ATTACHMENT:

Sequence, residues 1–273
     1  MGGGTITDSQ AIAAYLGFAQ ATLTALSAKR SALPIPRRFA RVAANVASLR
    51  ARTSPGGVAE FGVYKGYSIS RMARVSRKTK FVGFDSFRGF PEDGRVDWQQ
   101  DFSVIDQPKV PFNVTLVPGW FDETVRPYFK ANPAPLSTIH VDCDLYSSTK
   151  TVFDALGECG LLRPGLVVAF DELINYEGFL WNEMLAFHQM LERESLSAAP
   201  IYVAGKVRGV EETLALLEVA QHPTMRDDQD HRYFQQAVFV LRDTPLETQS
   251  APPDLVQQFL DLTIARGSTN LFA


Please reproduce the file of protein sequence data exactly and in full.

Sequence, residues 1–273
     1  MGGGTITDSQ AIAAYLGFAQ ATLTALSAKR SALPIPRRFA RVAANVASLR
    51  ARTSPGGVAE FGVYKGYSIS RMARVSRKTK FVGFDSFRGF PEDGRVDWQQ
   101  DFSVIDQPKV PFNVTLVPGW FDETVRPYFK ANPAPLSTIH VDCDLYSSTK
   151  TVFDALGECG LLRPGLVVAF DELINYEGFL WNEMLAFHQM LERESLSAAP
   201  IYVAGKVRGV EETLALLEVA QHPTMRDDQD HRYFQQAVFV LRDTPLETQS
   251  APPDLVQQFL DLTIARGSTN LFA